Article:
In late April, U.S. Department of Veterans Affairs (VA) CIO Roger Baker told FierceGovernmentIT that only one-third of VA’s large facilities currently have Wi-Fi but that the VA plans to have enterprise-grade Wi-Fi at the remaining two-thirds of VA facilities in the next two to three years.
A new algorithm lets networks of Wi-Fi-connected cars, whose layout is constantly changing, share a few expensive links to the Internet. Wi-Fi is coming to our cars. Ford Motor Co. has been equipping cars with Wi-Fi transmitters since 2010; according to an Agence France-Presse story last year, the company expects that by 2015, 80 percent of the cars it sells in North America will have Wi-Fi built in.
In yet another Olympian feat of measurement, researchers at the National Institute of Standards and Technology (NIST) recently calibrated a tape that will be used to measure out the distance of this summer's Olympic marathon—a distance of 26 miles 385 yards—to 1 part in 1,000. Image: NIST technician Christopher Blackburn uses a microscope to precisely align a retroreflector over the center of a hash mark on a measuring tape.
Driver cellphone blocking technology could save lives Researchers in India are developing a new technology that will prevent truck drivers and other road users from using their cell phones while driving. The technology based on RFIDs could also be integrated with police traffic monitoring. Abdul Shabeer of the Anna University of Technology in Tamilnadu, India, and colleagues point out that globally around 20% of fatal road accidents with trucks and other heavy vehicles involved the drivers of those vehicles using a cell phone in their hand at the time of the accident.
Over a dozen radio signals that have hindered data collection on ESA’s SMOS water mission have been switched off. The effort also benefits satellites such as NASA’s Aquarius mission, which measures ocean salinity at the same frequency. We all know what happens when you place a cell phone too close to a speaker: seconds before the phone rings, that obnoxious buzz interrupts your favourite song.
Having to reheat your hot beverage after it turns cold is not only inconvenient, but it’s also not very energy efficient. Designer Ryan Jongwoo Choi has created the Burning Cup that will keep your coffee or hot chocolate warm from the first to last sip without using any electricity. The mug contains a solution of sodium acetate, which is a solid form when cold and a liquid form when heated.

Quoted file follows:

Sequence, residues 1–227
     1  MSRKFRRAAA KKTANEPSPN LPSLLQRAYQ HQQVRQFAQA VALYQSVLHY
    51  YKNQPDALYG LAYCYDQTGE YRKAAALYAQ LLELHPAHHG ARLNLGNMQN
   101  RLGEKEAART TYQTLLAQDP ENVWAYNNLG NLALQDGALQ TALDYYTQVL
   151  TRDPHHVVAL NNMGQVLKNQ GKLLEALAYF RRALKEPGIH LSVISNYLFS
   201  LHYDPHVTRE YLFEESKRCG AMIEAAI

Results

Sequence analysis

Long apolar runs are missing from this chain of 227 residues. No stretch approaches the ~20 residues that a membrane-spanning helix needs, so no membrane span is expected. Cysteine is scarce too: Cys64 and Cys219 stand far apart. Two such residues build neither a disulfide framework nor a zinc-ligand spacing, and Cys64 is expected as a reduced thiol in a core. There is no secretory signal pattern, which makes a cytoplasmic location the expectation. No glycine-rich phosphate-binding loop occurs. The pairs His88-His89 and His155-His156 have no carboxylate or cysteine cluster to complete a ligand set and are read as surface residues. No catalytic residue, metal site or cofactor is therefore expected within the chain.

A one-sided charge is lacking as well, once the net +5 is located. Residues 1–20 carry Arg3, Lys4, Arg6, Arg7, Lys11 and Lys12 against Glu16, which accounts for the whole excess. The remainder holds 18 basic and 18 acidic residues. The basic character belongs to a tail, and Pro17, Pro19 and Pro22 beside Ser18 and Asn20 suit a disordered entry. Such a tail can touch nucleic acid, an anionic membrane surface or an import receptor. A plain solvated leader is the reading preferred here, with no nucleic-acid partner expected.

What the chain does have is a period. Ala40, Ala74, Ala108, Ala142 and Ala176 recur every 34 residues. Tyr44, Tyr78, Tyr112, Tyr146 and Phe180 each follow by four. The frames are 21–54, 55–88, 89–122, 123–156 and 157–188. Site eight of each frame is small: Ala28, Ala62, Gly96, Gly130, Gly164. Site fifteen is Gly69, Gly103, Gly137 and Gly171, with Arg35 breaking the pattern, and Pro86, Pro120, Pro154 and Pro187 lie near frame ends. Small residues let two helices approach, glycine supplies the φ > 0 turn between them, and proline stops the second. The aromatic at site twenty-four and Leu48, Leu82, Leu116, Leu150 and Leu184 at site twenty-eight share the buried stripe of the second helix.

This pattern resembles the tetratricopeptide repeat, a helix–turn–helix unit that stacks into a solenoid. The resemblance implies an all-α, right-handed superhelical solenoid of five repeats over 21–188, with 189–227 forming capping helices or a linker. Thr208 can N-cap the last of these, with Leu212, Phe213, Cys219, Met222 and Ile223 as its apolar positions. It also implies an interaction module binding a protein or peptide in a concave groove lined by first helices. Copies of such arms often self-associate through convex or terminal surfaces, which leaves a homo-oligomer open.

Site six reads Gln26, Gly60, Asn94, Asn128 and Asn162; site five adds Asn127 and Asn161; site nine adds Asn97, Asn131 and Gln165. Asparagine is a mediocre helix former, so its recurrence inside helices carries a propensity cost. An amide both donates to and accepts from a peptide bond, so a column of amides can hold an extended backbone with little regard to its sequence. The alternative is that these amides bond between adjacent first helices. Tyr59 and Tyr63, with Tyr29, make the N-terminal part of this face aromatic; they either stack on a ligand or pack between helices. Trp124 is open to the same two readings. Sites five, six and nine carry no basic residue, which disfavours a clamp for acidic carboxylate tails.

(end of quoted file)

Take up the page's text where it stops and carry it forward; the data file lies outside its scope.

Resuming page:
I’ve logged plenty of hours on Android phones, starting with the very first one, the remarkably rudimentary G1 , back in 2008. But the phones in question have always been backups to my main handset (which, since mid-2008, has been an AT&T iPhone). Or they’ve been Android phones that I was reviewing or otherwise experimenting with.
Google used its official blog today to announce that it’s discontinuing a bunch of products. They range from the rather well-known iGoogle personalized home page to curios I’d never heard about until now, such as a search app for Symbian. The move is just the most recent of several mass executions which Google has performed since Larry Page returned to the position of CEO last year and declared that the company would henceforth be putting more wood behind fewer arrows .
They call it “ showrooming ,” and to hear the nation’s retailers and other experts fret about consumers using smartphones to buy online while shopping in stores, it’s the worst thing to happen to brick-and-mortar sales since Jeff Bezos started a website to sell books. Except it’s not. Turns out, consumers who use smartphones when out shopping are 14% more likely to make a purchase in the store than those without.